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Tracking Auden

As a footnote to your piece [in the January Bulletin] about the connection between Swarthmore and the railroad, may I offer an image that has stayed with me all these years?

Oh, yes, the train was our link between Swarthmore and the wider world of Philadelphia. Cars were not allowed at the college, but we didn’t miss them in 1944–45 when I was a member of the Navy’s V–12 program, because gas rationing was in effect.

To get to the village, we had to walk down Magill and then go through the dank, narrow, dark tunnel under the railroad tracks. We never thought anything of doing that; it took only a moment. However, I surmised that the poet W. H. Auden, who was living in the town and teaching at the College that year, did not like that tunnel. His method of getting to the other side was going over the tracks and over the fence in the middle. In his great coat with the collar turned up and carrying his books, he was a wonderful sight and reminded me every time of the courage and independence of man.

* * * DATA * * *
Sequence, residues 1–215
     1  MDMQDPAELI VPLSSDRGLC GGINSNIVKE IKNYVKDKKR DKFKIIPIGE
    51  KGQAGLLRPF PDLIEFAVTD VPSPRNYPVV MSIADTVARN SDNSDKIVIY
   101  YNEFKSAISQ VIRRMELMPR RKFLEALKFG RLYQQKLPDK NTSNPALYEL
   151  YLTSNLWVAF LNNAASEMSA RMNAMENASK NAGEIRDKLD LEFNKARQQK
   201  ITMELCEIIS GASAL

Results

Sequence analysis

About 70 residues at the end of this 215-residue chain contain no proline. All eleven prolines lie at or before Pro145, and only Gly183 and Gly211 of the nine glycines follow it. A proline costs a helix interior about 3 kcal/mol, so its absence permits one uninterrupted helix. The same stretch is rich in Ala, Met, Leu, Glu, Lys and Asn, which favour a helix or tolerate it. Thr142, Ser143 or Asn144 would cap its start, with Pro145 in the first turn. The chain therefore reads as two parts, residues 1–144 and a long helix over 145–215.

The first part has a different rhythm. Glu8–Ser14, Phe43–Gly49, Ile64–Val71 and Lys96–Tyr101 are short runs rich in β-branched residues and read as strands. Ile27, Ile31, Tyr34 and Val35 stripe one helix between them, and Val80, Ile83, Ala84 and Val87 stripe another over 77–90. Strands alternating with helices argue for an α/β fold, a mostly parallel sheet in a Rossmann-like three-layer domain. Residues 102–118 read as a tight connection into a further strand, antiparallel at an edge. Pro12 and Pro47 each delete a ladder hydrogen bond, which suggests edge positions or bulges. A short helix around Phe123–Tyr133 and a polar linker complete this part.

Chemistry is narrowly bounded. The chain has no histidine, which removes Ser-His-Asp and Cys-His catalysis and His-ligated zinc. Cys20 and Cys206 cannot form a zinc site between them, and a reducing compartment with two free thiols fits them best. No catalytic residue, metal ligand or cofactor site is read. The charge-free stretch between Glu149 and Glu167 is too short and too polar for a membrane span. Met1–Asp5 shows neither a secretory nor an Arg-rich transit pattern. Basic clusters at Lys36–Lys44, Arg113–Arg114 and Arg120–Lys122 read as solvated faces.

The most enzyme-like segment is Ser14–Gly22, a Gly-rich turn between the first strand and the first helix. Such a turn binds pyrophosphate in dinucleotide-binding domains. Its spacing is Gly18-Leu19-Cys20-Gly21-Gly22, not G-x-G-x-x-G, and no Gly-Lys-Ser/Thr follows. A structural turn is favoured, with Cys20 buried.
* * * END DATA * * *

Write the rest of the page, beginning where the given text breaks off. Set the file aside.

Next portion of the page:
Edward Johnson ’46
Dover, N.H.

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